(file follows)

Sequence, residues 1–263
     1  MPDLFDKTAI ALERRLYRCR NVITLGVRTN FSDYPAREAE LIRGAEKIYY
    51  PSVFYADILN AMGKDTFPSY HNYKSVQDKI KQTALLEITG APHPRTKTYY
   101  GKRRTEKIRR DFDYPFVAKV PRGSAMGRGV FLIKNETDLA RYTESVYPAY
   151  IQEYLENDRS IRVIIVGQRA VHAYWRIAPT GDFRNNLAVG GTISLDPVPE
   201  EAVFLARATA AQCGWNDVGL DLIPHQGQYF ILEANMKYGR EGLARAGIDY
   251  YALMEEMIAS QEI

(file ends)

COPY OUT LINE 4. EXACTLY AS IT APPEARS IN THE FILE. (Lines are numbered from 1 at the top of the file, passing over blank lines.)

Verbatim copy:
   101  GKRRTEKIRR DFDYPFVAKV PRGSAMGRGV FLIKNETDLA RYTESVYPAY